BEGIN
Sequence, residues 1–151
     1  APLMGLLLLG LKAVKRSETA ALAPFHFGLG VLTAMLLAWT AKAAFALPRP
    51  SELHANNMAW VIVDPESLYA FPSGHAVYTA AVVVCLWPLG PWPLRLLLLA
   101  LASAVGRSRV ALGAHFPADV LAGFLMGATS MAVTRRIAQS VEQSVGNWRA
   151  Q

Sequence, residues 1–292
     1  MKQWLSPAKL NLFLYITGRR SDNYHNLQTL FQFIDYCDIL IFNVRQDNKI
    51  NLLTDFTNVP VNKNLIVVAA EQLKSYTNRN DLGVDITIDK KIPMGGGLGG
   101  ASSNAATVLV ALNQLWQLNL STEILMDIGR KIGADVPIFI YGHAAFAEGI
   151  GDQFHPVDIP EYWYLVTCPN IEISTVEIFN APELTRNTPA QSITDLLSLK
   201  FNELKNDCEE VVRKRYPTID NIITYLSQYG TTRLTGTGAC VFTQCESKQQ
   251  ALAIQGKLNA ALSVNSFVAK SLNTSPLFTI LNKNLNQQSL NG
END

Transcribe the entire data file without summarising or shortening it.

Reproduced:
Sequence, residues 1–151
     1  APLMGLLLLG LKAVKRSETA ALAPFHFGLG VLTAMLLAWT AKAAFALPRP
    51  SELHANNMAW VIVDPESLYA FPSGHAVYTA AVVVCLWPLG PWPLRLLLLA
   101  LASAVGRSRV ALGAHFPADV LAGFLMGATS MAVTRRIAQS VEQSVGNWRA
   151  Q

Sequence, residues 1–292
     1  MKQWLSPAKL NLFLYITGRR SDNYHNLQTL FQFIDYCDIL IFNVRQDNKI
    51  NLLTDFTNVP VNKNLIVVAA EQLKSYTNRN DLGVDITIDK KIPMGGGLGG
   101  ASSNAATVLV ALNQLWQLNL STEILMDIGR KIGADVPIFI YGHAAFAEGI
   151  GDQFHPVDIP EYWYLVTCPN IEISTVEIFN APELTRNTPA QSITDLLSLK
   201  FNELKNDCEE VVRKRYPTID NIITYLSQYG TTRLTGTGAC VFTQCESKQQ
   251  ALAIQGKLNA ALSVNSFVAK SLNTSPLFTI LNKNLNQQSL NG